NC Rep. Cawthorn returns to run in far-mountain district

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RALEIGH, N.C. (AP) — North Carolina Rep. Madison Cawthorn refiled candidacy papers on Monday and will now run for reelection in a district that largely follows the boundaries of the far-mountain district that the first-term Republican currently represents.

Cawthorn, 26, a member of the conservative House Freedom Caucus, voted against certifying Joe Biden’s presidential victory and has voiced false claims of election fraud. He also spoke at the Jan. 6, 2021, rally that preceded the insurrection at the U.S. Capitol — an act that some critics have argued should disqualify him from running again for Congress.

In December, Cawthorn had filed to run for an open seat further east that had been created by the state legislature in November for the once-a-decade redistricting process. It was considered a more pro-GOP district than the district covering where he lives in Henderson County.

But after the state's redistricting map was retooled twice due to litigation, that district stretching from part of Charlotte west to the foothills essentially no longer existed. Representing that region could have forced him to run against GOP Rep. Patrick McHenry.

The latest 11th District he'll now run in, however, leans Republican and contains all or portions of 15 out of the 17 far-western counties that were in the 11th District from which he was elected in 2020.

“Western North Carolinians want a fighter in Congress. With their support, I look forward to returning to Washington as a sophomore member and helping enact major change with a historic Republican majority,” Cawthorn said in a news release. He filed his candidacy paperwork, which included withdrawing from the previous district race, with the State Board of Elections on Monday afternoon. Cawthorn had until Tuesday to withdraw.

Cawthorn, a close supporter of former President Donald Trump, had filed in December to run in a 13th District that contained all or portions of three counties that he currently represents. At the time, the far-western district was expected to be more politically competitive.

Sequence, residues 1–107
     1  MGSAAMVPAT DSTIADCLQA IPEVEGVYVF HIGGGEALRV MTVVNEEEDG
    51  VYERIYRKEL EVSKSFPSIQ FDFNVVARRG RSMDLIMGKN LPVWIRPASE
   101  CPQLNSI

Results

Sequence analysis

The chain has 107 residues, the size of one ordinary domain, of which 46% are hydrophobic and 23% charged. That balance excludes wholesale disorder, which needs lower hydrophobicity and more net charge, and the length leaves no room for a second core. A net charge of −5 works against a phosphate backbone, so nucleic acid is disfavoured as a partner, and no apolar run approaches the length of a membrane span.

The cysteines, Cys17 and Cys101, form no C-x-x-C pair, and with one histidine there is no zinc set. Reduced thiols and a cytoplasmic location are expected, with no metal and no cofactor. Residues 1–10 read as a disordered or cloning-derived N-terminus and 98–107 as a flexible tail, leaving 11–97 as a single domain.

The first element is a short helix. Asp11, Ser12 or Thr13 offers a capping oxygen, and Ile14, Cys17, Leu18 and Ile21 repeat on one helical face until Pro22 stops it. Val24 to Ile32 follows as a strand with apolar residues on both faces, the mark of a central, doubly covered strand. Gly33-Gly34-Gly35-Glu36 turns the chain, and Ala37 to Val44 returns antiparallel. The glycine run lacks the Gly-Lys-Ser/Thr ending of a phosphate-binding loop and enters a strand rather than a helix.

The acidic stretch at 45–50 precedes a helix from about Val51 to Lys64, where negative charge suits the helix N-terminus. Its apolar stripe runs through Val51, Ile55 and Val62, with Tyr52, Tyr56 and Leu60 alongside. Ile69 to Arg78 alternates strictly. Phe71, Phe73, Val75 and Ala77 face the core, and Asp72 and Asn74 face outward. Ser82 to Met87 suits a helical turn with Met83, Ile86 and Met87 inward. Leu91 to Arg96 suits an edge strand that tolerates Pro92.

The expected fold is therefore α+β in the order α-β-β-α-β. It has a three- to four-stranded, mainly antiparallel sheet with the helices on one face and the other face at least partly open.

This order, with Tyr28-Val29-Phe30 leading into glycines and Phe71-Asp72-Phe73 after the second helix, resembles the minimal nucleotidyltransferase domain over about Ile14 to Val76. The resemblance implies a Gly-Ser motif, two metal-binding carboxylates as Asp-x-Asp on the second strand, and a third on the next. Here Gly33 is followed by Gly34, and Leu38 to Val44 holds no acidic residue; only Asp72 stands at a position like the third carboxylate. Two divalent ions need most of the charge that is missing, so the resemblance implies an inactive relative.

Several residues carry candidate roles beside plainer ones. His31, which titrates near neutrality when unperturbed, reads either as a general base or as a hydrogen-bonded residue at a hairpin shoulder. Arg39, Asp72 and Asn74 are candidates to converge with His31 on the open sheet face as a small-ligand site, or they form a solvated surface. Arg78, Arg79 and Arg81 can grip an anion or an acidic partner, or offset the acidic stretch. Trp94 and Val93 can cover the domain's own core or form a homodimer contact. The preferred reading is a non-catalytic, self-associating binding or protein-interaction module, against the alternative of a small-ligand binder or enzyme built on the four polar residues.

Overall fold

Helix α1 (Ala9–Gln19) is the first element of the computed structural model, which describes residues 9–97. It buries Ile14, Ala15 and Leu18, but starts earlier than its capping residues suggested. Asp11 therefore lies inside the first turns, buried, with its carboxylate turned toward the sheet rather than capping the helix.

The state Supreme Court struck down those lines and the entire congressional map in early February, saying they were illegal partisan gerrymanders. The GOP-controlled General Assembly passed a new map Feb. 17, but a three-judge panel reworked it again last week, saying it didn't meet fairness standards mentioned by the state justices.

Candidate filing under the map adopted by the trial judges,resumed Thursday. The next day, Republican legislative leaders asked the U.S. Supreme Court to block the use of the court-adopted map. The case is pending.

Cawthorn will face some challengers in the May 17 Republican primary, including state Sen. Chuck Edwards of Henderson County, who had been running before in the state's far-western district. Edwards said he refiled on Monday for the 11th District.

In what appears to be a swipe at Cawthorn, Edwards tweeted: “I welcome all candidates — old and new — to the NC-11 race. I stand firm in my unwavering commitment to this district. I would never place the people of Charlotte over the people of (western North Carolina)."

The court-mandated redistricting adjustments also derailed, for now, an effort by some voters to challenge Cawthorn's candidacy qualifications based on the U.S. Constitution. Roughly a dozen voters from the anticipated 13th District filed challenge requests, but the State Board of Elections said last week those challenges wouldn't go forward now that the 13th District had shifted 200 miles (320 kilometers) east.

The voters argued Cawthorn was disqualified from running because he fails to comply with a portion of a post-Civil War amendment to the Constitution pertaining to insurrections because of his involvement in the rally that preceded the U.S. Capitol riot.

Speaking at the “Save America Rally” days after he was sworn in to Congress, Cawthorn said the “crowd has some fight in it.”

“The Democrats, with all the fraud they have done in this election, the Republicans hiding and not fighting, they are trying to silence your voice,” he added. “Make no mistake about it, they do not want you to be heard.”

Cawthorn said that portion of the 14th Amendment doesn’t apply to him and that he has “never engaged in, or would ever engage in, an insurrection against the United States.”

A group helping the voters with their lawsuit said last week that new candidate challenges would be filed in the district that Cawthorn selects. A federal lawsuit filed by Cawthorn seeking to have the entire candidate challenge process struck down as unconstitutional is pending. A hearing is scheduled for March 21.